Since the Reform movement recognizes patrilineal descent, my children were embraced as Jews and accepted to the temple’s Hebrew school, where they learned about the holidays, prayers, and Torah, and became staunch Zionists.
Many times, I asked the rabbi of the temple about conversion, but each time he came up with some excuse why now wasn’t a good time.
In April 1999, when we were on the verge of celebrating Jessica’s bat mitzvah — which was postponed a couple of years because she had a lot of catching up to do in Hebrew school — I told the rabbi that I could not attend the ceremony as a non-Jew. After two years of hemming, he finally agreed to convert me. I stood before a Reform beit din and was declared a full-fledged Jew.
Several months later, just before Succot, a mutual friend introduced us to the rabbi of a nearby Conservative synagogue, who invited us to attend services on Simchat Torah — a holiday that Reform Judaism combines with Shemini Atzeret. We enjoyed the services at the Conservative synagogue and liked the people we met, so we began attending Shabbat morning services there, in addition to Friday night services in the Reform temple, which did not offer much of a Shabbat morning service.
During the Torah reading at the Conservative synagogue, in between each aliyah, the rabbi would select a verse to discuss. We would examine the Hebrew and consider the translation, and we were invited to ask questions as he posed questions to us. I greatly enjoyed this close reading of the Torah, floating out of the synagogue each week on a high.
In the summer of 2000, close to a year after we began attending services at the Conservative synagogue, we took our first family trip to Israel. What struck me most on that trip was how tiny a country Israel actually was and how dwarfed it was by its Arab neighbors. It was then that I realized how important a role every Jew in the world plays in perpetuating Jewish heritage. If we don’t give over this heritage to the next generation, I thought, it’s going to be lost.
We returned to New York deeply moved, our connection to Judaism further cemented. Shortly afterward, Larry’s grandmother, whom I loved dearly, passed away. She had come over to the US from Russia and had kept Shabbat and kashrut, but by the next generation, all of that had been lost. Mulling this over after her passing, I was again struck by the fragility of Jewish tradition, and felt compelled to protect it.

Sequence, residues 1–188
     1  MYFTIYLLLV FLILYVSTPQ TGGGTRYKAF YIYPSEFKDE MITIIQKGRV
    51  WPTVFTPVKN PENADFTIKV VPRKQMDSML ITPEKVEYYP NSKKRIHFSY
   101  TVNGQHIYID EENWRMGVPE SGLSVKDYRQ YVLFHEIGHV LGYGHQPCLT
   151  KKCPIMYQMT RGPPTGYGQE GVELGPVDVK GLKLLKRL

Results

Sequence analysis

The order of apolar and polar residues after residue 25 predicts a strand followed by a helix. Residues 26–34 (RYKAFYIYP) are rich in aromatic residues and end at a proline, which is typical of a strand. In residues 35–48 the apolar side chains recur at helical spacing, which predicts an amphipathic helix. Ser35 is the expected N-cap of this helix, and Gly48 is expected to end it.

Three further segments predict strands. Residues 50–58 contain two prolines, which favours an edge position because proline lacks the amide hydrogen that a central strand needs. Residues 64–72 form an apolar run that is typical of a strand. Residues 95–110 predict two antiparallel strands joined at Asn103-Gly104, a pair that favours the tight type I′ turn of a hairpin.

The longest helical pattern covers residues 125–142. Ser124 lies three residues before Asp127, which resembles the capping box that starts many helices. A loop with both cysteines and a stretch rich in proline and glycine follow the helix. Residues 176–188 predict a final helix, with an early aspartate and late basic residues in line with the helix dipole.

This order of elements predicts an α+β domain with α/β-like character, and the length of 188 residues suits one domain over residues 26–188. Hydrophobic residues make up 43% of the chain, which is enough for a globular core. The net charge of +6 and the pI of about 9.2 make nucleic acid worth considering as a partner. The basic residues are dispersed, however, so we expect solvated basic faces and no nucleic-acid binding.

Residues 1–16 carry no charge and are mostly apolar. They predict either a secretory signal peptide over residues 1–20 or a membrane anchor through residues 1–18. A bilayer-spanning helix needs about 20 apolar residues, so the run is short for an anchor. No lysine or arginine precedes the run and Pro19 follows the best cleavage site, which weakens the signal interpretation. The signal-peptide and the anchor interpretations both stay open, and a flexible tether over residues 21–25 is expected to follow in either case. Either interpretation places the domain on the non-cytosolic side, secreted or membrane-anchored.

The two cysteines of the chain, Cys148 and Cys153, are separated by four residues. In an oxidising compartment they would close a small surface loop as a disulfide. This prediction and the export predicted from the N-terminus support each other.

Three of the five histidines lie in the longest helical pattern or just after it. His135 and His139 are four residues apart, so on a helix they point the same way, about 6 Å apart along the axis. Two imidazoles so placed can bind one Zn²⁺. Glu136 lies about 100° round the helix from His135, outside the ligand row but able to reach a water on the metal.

Agreeing that it was time to up our commitment to Judaism, Larry and I took the plunge and kashered our kitchen, with the help of the Conservative rabbi. The next day, our children — whom the Conservative movement did not consider Jewish — underwent conversion.
Originally, Larry’s aunt had planned to hire someone to say Kaddish for her mother, Larry’s grandmother, just as she had done after her father’s passing, but this time, Larry volunteered for the task. This was no small undertaking, as it meant that he had to pray three times a day with a minyan every day for almost an entire year — and he barely knew the prayers at that point. He didn’t even own a pair of tefillin yet, and he certainly had no idea how to put them on; half the time the straps would unwind and fall down his arm halfway through davening.
Morning and evening, he prayed at the Conservative synagogue, or at a nearby Orthodox shul. In the afternoon, he joined a Minchah minyan across the street from his Manhattan office, in the warehouse behind a wholesale electronics store. “I pray to big-screen TVs,” he would joke, referring to the huge TV boxes lining the walls all around the room.